“[27] Even assuming it is true that Ashgar does exist and that he did ask the Appellant to carry the bag to Malaysia, the question for the trial court to consider was whether the accused had knowledge of the drugs. To prove trafficking knowledge must of course be established but that is a matter for the appellant di disprove by virtue of S. 37(d) of the DDA and not for the prosecution to establish at the close of its case once custody or control had been established. Thus, whether he was asked by someone to carry the bag is irrelevant in any event”.

[41] In Mah Kok Cheong v R (1953) 19 MLJ 46, at page 47 the court held that:

“... Almost all defence put forward by an accused is consistent with innocence or it would not be put forward; nor would it be a very good defence if it could not reasonable be true. But whatever may be the defence to a criminal charge the sole question which a Subordinate Court has to ask itself at the conclusion of the trial is-Does the defence raise a reasonable doubt as to the truth of the prosecution case or as to the accused’s guilt...”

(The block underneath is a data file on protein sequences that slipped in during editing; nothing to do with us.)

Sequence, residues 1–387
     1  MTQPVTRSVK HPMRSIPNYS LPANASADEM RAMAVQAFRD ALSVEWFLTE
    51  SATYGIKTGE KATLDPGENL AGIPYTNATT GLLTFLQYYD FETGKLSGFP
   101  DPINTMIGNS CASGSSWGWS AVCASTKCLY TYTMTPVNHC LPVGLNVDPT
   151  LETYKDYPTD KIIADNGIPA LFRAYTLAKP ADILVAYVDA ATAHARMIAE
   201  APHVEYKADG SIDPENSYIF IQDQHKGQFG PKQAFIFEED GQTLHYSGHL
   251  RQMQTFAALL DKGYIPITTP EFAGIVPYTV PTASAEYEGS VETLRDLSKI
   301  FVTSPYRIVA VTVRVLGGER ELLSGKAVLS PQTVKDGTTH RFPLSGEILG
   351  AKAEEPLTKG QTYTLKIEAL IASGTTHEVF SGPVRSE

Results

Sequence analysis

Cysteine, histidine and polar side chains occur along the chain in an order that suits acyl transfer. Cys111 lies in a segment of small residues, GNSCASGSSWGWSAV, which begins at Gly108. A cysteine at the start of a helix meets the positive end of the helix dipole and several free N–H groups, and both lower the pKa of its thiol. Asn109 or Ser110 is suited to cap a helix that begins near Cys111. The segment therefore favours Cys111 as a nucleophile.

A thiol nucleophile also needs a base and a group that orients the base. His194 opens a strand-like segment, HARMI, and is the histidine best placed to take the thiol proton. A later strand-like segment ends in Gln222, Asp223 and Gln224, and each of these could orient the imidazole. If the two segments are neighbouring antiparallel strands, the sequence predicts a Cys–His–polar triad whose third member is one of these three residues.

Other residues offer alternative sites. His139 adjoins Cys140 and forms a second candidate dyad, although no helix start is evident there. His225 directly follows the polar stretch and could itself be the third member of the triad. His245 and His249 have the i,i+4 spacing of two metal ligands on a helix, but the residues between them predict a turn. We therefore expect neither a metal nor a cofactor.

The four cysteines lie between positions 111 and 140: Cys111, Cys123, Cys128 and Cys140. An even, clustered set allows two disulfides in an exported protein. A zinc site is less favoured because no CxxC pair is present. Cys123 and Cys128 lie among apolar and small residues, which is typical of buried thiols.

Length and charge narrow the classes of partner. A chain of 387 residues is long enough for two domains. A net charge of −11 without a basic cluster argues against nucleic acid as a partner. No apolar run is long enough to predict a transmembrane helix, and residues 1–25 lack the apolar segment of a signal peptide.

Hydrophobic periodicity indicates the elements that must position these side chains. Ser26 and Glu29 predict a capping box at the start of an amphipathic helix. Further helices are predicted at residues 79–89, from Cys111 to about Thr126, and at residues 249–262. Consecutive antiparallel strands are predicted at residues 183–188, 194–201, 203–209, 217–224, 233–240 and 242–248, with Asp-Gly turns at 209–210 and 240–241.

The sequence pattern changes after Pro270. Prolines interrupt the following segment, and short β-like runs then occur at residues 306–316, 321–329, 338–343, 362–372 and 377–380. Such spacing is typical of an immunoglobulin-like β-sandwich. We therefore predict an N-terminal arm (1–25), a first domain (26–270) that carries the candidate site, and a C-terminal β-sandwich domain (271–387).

[42] Based on the evaluation of the Appellant’s evidence, the learned trial judge at page 31 of her grounds of judgment held that the Appellant had failed to raise a reasonable doubt against the prosecution case-

“Tertuduh di peringkat akhir pembelaan ini telah gagal menimbulkan sebarang keraguan yang munasabah terhadap kes Pendakwaan. Tiada keterangan berjaya dikemukakan bagi tujuan menimbulkan keraguan yang munasabah. Sehingga ke akhir kes Pembelaan ini, jelas bahawa pihak Pendakwaan telah berjaya membuktikan kes mereka melampaui keraguan yang munasabah terhadap Tertuduh”.

[43] We did not find any appealable error on the part of the learned trial judge on his above said finding.

[44] We turn next to the second ground raised by the learned counsel for the Appellant that the learned trial judge had failed to make a specific finding on the element of possession and trafficking. The learned counsel argued that the learned trial judge had erred in law when he found that the Appellant had mens rea possession and at the same time invoked the presumption under section 37(da) of the Act. The learned trial judge stated at page 30 of his grounds of judgment as follows-

“Di bawah Seksyen 37(da) Akta Dadah Berbahaya 1952, di peruntukkan:

(da) mana-mana orang yang didapati ada dalam milikannya-

...